water as well as to give the riparian the privilege of passing from his
land into navigable waters without hindrance. It can be asserted with-
out fear of exaggeration that without the right of access, the greater
part of the riparian owner's rights could not be guaranteed to him.
The right to the continued flow of the stream has been expressed
by the courts in several different ways. Some courts have treated this
right as tantamount to a kind of ownership in the stream. Perhaps
Chancellor Kent had this concept in mind when in Gardner v. Village of
Newburgh, decided nearly a century and a half ago, he said:
A right to a stream of water is as sacred as a right to the soil
over which it flows. It is a part of the freehold of which no
man can be disseised "but by lawful judgment of his peers, or
by due process of law."100

95. Opinion of the Justices, supra note 87 at 506-07.
96. See, e.g., Doss, The Law of Riparian Rights 261 (1891).
97. See Part V, infra.
98. See, e.g., Anderson-Tully Co. v. Murphree, 153 F. 2d 874 (8th Cir.
99. Scurlock, Retroactive Legislation Affecting Interests in Land 62-67
100. 2 Johns, Ch. 162, 165-66 (N.Y. 1816). See also Harding v. Stamford
Water Co., 41 Conn. 87, 93 (1874), in which it was said that a stream
of water "is property as much under the protection of the constitution


Generally, however, the right is not expressed as being a right to a
stream of water but rather a right to the flow of a stream of water,
thereby avoiding the objection that watercourses are not proper sub-
jects of property. Thus in an 1882 Illinois decision it was said:

The owner of land over which a stream of water flows, has, as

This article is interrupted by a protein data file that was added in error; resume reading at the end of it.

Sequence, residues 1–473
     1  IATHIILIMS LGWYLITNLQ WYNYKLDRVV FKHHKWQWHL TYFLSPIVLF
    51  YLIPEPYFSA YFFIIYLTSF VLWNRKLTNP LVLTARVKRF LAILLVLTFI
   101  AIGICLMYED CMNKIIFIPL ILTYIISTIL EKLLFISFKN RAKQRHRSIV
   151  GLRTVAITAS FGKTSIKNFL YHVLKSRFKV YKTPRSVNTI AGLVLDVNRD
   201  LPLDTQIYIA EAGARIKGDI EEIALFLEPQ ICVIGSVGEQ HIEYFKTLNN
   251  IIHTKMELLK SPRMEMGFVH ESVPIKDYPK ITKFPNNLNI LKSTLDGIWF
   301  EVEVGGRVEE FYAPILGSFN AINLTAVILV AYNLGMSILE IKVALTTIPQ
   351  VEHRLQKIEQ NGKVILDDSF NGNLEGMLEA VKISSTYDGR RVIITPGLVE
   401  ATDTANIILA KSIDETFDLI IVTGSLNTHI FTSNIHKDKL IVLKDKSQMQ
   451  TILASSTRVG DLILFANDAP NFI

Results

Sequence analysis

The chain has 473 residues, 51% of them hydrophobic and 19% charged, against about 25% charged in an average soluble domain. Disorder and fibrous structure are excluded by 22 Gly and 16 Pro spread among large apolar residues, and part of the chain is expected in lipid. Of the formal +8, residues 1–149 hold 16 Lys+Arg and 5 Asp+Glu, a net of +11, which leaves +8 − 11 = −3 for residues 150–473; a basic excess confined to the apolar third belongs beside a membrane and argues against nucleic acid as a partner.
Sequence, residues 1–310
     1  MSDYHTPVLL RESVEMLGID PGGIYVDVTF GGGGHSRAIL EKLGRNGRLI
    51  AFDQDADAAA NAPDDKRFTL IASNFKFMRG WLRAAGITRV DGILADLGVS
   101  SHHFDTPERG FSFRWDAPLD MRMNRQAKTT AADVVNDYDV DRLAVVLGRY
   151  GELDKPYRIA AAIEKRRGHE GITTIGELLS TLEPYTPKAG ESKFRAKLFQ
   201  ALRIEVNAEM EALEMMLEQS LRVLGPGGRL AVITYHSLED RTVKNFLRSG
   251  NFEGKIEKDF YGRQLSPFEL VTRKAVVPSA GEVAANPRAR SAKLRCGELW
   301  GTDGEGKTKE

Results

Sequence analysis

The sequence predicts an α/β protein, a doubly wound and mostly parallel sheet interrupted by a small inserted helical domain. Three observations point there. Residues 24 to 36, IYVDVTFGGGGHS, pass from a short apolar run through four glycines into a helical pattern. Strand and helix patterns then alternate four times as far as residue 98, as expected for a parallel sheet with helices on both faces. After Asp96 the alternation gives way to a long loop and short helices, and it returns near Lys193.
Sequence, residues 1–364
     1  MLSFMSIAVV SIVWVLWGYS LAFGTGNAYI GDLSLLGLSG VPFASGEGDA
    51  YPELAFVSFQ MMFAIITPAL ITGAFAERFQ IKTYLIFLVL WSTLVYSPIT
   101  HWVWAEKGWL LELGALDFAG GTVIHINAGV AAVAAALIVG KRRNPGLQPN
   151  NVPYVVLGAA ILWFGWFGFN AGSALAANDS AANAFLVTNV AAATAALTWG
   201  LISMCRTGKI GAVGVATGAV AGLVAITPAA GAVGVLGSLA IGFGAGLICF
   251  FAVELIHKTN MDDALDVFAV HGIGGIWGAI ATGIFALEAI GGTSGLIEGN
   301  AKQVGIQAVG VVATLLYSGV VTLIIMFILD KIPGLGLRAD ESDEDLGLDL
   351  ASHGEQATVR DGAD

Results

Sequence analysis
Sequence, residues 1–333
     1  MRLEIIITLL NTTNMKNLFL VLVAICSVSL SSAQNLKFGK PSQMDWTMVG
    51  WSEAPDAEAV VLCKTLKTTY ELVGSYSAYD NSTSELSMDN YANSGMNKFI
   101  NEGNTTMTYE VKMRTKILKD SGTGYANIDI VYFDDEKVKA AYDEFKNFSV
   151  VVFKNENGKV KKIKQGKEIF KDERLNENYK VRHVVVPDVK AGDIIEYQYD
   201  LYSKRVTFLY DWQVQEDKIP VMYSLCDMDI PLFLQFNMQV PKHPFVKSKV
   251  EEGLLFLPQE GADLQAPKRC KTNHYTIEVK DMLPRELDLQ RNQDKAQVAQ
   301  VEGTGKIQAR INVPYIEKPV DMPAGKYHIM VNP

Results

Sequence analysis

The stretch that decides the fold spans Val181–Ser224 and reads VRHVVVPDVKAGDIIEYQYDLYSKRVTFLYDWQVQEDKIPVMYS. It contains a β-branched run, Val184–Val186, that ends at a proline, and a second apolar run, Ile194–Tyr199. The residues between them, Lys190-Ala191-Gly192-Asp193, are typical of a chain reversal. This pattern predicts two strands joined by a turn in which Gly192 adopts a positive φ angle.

incident to his ownership of the land, a property right in the
flow of the water at that place for all the beneficial uses that
may result from it.... 10

Likewise, the Supreme Court of Arkansas has recently described the
right to the continued flow of the stream as one which inheress in the
soil" and is "vested. "102
The right of the riparian owner to the use of the water has re-
peatedly been described as a property right. Turning once more to
the Illinois Supreme Court, we find that:

It would seem, when once it is established, that the only
property right recognized by the law, as respects running water,
is in its use as it passes along and as incident to the soil over
which it passes.... 103

Numerous other courts have also described the right to the use of the
water as constituting property; this right is, in fact, the crux of the
riparian doctrine. Nevertheless, the courts have failed to elaborate
upon the relatively bare concept of use, except to point out that this
right is common to all riparian owners. There is virtually no authori-
ty as to whether the particularized rules which have been developed
within the riparian doctrine over the past century are embraced within
the notion of "property." For example, could the legislature deter-
mine thatmunicipalities are in all cases to be treated as riparian own-
ers in their use of the water, without colliding with the constitutional
safeguard of property? Could non-riparian use be allowed under the
principle of reasonable use without amounting to a taking of property?
Both the courts and the legal writers have generally remained silent
in regard to these problems; and the sparse comment that exists can
hardly be said to favor legislative modification. In 1948 the Wisconsin
Supreme Court asserted in a dictum that "It is not within the power of
(Footnote continued)
as the land over which it flows." See also Clark v. Allaman, 71 Kan.